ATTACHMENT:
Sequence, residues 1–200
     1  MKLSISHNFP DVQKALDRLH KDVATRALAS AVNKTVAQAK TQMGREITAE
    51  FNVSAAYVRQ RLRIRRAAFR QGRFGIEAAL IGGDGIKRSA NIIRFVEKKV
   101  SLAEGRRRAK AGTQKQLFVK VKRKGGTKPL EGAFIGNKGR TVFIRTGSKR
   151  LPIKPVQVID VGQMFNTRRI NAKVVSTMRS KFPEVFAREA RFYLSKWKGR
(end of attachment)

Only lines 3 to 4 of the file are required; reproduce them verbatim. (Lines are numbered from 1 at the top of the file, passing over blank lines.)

    51  FNVSAAYVRQ RLRIRRAAFR QGRFGIEAAL IGGDGIKRSA NIIRFVEKKV
   101  SLAEGRRRAK AGTQKQLFVK VKRKGGTKPL EGAFIGNKGR TVFIRTGSKR